Sanat Fe River Flood Levels Rise
By: Yaremi Farinas
"Tuesday afternoon we were down on the parking lot where the two buildings are," Paula Sternbach
Four days later you can't even see the parking lot.
"We didn't expect this much at all. I didn't expect to see the buildings pretty much under water," said Steve Sternbach.
The Sternbachs moved from Miami to High Springs three years ago .
"All our friends are calling us and saying are you under water, are you under water. Send us pictures. They are amazed by this."
Seems like many people are curious to see just how much water is covering this boat ramp, which now you can't even see.
All just days after tropical storm Debbie.
While we were at the bridge on state road 47, we spoke to Kendall Thurston, who got back from Vermont Friday night.
We caught up to him while on his way to check out a house he has near the Suwannee River.
"I am expecting to have the water up on the lawn, but hopefully not underneath the house. So that's all I can hope for," said Thurston.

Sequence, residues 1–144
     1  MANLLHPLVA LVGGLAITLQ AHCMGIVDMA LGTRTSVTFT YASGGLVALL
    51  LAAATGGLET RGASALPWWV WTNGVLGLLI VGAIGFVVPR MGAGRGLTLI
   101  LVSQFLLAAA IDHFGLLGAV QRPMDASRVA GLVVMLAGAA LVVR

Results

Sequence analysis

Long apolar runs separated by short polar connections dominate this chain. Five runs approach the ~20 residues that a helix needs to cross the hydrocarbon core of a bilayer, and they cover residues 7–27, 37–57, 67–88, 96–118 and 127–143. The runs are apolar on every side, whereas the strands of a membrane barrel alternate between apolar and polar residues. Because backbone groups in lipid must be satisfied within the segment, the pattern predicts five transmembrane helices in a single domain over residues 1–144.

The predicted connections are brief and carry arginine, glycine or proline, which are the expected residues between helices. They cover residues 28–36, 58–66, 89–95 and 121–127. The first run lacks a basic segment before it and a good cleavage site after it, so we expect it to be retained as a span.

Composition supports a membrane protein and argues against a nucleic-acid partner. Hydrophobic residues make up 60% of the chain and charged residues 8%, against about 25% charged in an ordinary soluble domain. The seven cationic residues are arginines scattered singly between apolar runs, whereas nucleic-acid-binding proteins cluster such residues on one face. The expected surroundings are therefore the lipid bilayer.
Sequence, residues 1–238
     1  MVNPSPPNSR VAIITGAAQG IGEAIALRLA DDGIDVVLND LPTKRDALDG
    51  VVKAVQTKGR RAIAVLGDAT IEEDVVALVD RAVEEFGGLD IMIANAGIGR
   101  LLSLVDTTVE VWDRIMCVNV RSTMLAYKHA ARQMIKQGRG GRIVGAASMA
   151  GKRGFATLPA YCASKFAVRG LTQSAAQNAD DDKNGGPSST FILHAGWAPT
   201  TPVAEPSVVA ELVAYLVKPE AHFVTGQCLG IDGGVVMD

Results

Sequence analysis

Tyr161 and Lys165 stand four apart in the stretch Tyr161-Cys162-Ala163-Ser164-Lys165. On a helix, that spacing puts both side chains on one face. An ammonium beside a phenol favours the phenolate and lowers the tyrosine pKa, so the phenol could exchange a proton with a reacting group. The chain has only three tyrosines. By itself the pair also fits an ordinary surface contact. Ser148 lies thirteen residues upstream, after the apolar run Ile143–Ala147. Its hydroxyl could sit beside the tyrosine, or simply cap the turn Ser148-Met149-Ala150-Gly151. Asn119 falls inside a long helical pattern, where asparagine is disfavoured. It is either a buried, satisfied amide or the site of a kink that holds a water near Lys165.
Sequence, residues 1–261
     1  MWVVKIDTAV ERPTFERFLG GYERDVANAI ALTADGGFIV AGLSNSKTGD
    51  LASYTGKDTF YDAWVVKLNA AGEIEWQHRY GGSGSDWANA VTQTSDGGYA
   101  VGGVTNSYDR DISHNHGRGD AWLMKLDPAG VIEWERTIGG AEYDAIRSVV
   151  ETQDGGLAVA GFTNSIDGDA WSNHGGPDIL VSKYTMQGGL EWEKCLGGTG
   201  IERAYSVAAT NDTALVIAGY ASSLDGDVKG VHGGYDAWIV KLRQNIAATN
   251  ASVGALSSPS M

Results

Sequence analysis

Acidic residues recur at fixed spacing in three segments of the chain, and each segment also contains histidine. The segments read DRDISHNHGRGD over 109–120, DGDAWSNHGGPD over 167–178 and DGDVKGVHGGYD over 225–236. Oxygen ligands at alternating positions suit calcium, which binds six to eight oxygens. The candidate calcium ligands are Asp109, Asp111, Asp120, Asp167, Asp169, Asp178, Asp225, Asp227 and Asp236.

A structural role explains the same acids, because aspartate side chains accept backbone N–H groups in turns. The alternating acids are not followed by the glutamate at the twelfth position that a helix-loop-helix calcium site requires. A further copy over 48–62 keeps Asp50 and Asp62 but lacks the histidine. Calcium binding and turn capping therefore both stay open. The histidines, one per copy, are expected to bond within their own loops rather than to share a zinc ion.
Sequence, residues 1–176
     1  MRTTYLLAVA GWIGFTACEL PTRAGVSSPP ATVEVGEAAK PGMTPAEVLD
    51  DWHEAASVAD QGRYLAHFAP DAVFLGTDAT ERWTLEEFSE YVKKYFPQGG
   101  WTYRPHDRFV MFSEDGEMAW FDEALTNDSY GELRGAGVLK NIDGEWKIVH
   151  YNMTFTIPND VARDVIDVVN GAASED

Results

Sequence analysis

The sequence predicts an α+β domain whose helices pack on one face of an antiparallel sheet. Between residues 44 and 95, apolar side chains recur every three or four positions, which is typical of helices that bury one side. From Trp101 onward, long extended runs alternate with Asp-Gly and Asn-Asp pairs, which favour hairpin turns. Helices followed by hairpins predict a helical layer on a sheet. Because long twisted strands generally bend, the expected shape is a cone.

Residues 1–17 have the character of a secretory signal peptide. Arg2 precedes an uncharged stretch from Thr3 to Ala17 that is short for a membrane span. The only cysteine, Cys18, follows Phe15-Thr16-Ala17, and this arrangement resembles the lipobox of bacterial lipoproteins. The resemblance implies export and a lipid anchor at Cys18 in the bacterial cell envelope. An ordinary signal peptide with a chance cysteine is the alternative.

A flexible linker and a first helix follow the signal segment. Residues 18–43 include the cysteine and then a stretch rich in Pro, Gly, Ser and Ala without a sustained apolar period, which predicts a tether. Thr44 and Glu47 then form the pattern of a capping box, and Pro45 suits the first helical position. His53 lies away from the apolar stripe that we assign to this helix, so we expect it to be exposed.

Several people have lost their homes to the flooding. Paula and Steve are a fortunate couple who did not have to evacuate from their home.
"We were lucky that we hadn't had much rain, so the ground was able to absorb most of it, but now we are full if we get another storm then we will be in trouble," said Steve Sternbach.
Now all eyes to the sky. As any rain would likely make an already bad situation even worse.
- Residents Shocked by Santa Fe River Flood Levels
- Stretch of Santa Fe River Reaches Flood Stage
- Repairing Sinkholes In Live Oak After Tropical Storm Debby
- Disaster Asistance Center Closing Despite Oncoming Storm
- River Levels in North Central Florida on the Rise
- Rising River Levels Lead to Road Closures in Levy County
- Lake City Flooding
- Five Puppies Drown in Morning Flood
- Suwanee County's Lost Homes In The Flood
- Suwannee River at White Springs